Through continuous monitoring of the digital speed sensor, the microcomputer constantly updates or calculates momentary accelerations or deceleration of the vehicle. In the case of sudden braking or collision of the vehicle, the sensor senses the drop of speed which brings about the decision to transmit an alarm signal. Signals are transmitted in digital form in short information packages containing besides protocol symbols also information on the type of danger, as shown in FIG. 2.
When there is no priority signal of collision of some other vehicle at the receiver station, the device starts transmitting in intervals over the modem by means of an RF transmitter, digital information packages on sudden braking of the vehicle. This happens independently of the driver, whose attention upon the transmission of his device is called by an acoustic signal or visibly, on his display. The transmission of a signal can be interrupted manually, if the driver considers it appropriate, or automatically, after a certain time delay. The RF receiver station in another car located in a radius of up to approximately 300 m communicates this package via modem to its own microcomputer. This reads the digital information and at the same time activates the acoustic signal and the related light symbol on the display. The received signal lasts as long as it is transmitted by the source, unless the driver interrupts it manually.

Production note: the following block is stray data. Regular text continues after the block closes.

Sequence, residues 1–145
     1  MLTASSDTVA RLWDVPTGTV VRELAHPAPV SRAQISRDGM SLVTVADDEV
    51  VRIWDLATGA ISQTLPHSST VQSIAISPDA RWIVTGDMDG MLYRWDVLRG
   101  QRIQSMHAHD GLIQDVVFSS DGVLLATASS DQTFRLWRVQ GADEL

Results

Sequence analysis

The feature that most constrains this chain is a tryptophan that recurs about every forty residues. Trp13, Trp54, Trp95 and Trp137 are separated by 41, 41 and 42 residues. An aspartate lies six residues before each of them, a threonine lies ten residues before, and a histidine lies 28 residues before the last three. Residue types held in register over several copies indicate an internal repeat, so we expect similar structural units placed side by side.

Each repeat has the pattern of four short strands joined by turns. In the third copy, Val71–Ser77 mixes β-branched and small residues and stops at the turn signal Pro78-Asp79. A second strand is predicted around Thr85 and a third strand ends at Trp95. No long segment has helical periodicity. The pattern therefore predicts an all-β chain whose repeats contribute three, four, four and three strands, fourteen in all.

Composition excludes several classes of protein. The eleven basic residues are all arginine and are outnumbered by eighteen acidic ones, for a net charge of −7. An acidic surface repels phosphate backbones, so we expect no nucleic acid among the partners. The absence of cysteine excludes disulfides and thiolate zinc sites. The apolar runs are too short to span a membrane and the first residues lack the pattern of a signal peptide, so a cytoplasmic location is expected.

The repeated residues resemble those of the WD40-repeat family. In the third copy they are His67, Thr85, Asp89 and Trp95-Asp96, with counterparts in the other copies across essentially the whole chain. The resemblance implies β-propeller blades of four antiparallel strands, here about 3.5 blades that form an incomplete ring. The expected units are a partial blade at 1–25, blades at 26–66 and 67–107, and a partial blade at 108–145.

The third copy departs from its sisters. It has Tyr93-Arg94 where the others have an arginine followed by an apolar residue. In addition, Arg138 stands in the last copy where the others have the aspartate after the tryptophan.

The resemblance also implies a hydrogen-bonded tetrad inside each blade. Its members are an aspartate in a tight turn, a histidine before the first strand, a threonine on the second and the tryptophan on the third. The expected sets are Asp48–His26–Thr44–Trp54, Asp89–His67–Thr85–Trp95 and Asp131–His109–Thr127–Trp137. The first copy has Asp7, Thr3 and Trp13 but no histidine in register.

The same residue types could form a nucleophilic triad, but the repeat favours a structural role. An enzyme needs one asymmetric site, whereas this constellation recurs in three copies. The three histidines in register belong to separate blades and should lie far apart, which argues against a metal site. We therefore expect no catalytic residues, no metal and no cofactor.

In the event of accident--collision--there is no automatic switch-off of signal transmission, only manual. In this way the alarm lasts until the driver himself or somebody else is capable of switching off the device. When--after a certain period of time--the transmission of signal of accident is not manually switched off, the transmission rate is automatically switched to a higher level, making the signal audible at a greater distance. In this way the search for victims in more secluded and less frequent roads is made possible.